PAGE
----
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After finishing the consommé and emptying the Verdelho, Charles lurches to his feet and, swaying slightly, excuses himself, saying that he needs to change for the second course. A few moments later another guest arrives, and introduces himself to Roly as Phillippe. Roly murmurs to me that there's something about Phillippe that reminds him of someone he's met, but he can't think who it is. I whisper back that Phillippe might seem like a disreputable vagrant, but the honour of the family depends upon him; I am about to tell Roly who it is that Phillippe reminds him of when Juan brings in the second course.

He tells us that, although he searched the cellars and checked the drains, disappointingly, he couldn't find any rats so, rather than being able to serve rat puff, we will have to put up with vol-au-vent à la financière. Seeing that Phillippe and Roly do not appear to be too disappointed, he tells them that his rat puff is a wonderful dish, the cooking of which requires a great deal of expertise, whereas any fool with a spoon can slop out vol-au-vent. I suggest we serve it with Vintage Tobermory, Dailluaine, Linkwood, and Glenkinchie Special Reserve but I'm overruled by Roly who reminds us that Beardy Saintsbury says that a meal without Madeira is like an ornithopter with only one wing, it flaps, but it doesn't get you high, and he opens four bottles of 1850 Terrantez "Gaselee" Madeira. We raise our glasses and offer toast after toast to delicious French wine, mouth-watering French cuisine and luscious French women, then, slavering like starving dogs, we tear into the vol-au-vent as fast as we possibly can.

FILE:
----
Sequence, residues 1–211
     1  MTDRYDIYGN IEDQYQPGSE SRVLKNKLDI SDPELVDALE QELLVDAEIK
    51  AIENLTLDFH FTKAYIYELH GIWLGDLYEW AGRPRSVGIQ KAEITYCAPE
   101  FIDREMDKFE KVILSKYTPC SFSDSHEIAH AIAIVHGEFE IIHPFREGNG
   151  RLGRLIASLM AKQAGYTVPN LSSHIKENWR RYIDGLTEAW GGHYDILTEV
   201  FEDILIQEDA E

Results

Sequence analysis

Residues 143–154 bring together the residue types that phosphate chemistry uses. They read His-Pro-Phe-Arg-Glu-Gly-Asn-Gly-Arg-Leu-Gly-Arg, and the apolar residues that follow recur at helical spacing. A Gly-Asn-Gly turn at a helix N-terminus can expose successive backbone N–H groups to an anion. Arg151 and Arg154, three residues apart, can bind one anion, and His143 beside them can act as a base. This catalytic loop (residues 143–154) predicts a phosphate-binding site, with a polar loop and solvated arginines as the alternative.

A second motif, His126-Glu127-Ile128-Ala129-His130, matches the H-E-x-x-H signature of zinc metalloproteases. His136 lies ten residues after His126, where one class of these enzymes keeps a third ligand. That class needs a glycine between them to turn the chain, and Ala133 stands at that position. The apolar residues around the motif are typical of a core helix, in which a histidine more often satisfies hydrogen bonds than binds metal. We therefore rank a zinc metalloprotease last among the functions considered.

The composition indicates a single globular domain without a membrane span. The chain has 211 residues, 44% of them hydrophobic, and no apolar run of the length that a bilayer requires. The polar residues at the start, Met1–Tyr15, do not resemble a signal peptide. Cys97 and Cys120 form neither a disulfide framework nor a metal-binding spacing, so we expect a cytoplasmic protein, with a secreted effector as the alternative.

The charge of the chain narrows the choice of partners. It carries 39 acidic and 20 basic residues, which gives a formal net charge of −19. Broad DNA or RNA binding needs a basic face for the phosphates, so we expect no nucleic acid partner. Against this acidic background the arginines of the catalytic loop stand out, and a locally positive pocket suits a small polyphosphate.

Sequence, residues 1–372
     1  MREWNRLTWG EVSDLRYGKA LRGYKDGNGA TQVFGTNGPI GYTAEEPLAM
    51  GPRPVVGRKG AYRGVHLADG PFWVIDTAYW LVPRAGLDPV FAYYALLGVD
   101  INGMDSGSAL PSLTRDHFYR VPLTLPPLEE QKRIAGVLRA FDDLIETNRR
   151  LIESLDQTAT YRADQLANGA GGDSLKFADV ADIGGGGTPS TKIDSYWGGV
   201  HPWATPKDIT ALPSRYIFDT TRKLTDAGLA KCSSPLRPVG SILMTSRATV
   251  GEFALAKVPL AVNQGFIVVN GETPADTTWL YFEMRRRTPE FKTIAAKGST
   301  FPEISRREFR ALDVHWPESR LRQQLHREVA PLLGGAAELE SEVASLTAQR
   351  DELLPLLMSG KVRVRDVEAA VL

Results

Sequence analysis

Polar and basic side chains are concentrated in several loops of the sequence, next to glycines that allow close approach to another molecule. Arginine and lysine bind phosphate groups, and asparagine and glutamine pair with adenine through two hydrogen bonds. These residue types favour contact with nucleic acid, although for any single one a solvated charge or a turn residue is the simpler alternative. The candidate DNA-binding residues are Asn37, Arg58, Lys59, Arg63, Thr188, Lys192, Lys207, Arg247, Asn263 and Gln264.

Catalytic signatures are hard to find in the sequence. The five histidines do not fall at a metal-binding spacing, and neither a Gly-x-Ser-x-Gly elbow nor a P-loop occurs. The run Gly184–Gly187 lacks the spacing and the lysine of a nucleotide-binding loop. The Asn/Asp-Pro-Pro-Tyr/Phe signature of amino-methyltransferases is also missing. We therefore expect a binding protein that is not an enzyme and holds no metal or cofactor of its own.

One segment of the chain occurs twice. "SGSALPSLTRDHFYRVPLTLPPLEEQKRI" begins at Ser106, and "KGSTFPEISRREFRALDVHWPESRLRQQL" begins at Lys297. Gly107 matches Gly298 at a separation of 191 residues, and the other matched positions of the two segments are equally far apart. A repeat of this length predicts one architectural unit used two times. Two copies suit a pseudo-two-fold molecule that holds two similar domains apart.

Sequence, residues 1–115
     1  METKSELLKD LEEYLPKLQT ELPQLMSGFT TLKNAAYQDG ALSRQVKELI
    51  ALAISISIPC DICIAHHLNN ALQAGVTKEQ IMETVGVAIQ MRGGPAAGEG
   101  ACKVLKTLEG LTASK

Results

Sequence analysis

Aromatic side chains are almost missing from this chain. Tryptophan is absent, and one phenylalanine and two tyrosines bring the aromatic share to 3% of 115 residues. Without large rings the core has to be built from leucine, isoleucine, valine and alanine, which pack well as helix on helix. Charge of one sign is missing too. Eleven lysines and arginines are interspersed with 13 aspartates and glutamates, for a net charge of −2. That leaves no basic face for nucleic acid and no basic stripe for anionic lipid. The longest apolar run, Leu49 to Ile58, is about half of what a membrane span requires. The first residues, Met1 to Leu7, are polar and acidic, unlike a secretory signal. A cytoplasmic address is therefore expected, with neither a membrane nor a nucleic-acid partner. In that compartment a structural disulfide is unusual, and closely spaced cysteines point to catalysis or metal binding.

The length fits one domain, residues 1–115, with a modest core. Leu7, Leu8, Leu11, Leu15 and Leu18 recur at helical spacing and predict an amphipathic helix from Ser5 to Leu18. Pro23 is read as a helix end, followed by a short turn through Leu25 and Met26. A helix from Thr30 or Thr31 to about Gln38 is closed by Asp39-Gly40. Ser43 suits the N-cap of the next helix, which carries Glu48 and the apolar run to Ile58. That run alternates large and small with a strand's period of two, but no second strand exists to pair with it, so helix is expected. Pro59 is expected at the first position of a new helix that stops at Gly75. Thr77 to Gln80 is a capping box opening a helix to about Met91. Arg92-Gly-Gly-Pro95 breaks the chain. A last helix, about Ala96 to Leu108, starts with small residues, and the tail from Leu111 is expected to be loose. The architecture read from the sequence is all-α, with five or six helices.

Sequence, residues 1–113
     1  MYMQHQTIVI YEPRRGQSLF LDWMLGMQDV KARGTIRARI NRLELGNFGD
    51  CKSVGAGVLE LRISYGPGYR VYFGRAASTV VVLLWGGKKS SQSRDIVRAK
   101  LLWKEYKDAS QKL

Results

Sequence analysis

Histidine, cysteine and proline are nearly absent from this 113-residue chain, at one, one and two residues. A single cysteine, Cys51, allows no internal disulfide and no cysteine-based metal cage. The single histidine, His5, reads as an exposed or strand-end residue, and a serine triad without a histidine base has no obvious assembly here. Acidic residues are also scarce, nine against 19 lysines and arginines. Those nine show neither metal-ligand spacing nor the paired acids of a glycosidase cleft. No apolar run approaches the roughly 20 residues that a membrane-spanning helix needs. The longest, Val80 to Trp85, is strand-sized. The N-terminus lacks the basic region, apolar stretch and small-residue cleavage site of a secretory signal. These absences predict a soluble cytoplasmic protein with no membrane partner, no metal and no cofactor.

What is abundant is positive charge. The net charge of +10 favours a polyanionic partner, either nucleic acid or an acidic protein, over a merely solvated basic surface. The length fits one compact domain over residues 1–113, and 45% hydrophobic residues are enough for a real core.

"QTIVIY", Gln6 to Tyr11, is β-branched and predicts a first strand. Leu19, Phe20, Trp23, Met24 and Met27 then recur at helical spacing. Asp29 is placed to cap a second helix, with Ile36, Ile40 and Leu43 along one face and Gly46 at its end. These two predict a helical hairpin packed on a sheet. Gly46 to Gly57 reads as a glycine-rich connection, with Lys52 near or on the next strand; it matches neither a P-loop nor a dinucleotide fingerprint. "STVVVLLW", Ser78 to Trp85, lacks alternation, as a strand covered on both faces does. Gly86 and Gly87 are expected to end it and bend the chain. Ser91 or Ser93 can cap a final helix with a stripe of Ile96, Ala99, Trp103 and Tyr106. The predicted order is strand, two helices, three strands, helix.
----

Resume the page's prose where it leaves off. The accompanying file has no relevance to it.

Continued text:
Professor Humperdink's Diary